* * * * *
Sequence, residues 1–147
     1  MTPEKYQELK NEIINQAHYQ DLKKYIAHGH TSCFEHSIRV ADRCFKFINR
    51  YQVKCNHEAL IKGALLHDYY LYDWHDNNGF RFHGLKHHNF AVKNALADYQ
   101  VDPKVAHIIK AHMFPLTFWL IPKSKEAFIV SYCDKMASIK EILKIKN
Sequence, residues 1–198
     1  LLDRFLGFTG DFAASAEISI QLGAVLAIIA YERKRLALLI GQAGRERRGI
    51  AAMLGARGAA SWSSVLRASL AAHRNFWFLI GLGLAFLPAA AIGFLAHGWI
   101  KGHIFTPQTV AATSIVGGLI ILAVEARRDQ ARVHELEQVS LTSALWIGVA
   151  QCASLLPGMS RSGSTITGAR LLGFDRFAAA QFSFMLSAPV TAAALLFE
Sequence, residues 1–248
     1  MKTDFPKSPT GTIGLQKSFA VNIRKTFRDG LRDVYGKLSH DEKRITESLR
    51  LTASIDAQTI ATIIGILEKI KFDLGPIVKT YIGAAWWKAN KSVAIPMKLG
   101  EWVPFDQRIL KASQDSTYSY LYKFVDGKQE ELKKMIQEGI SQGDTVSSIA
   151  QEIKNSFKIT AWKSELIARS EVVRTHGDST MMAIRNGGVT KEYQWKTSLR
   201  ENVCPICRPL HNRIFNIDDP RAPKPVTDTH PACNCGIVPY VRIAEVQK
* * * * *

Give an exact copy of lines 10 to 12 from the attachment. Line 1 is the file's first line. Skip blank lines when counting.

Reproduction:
Sequence, residues 1–248
     1  MKTDFPKSPT GTIGLQKSFA VNIRKTFRDG LRDVYGKLSH DEKRITESLR
    51  LTASIDAQTI ATIIGILEKI KFDLGPIVKT YIGAAWWKAN KSVAIPMKLG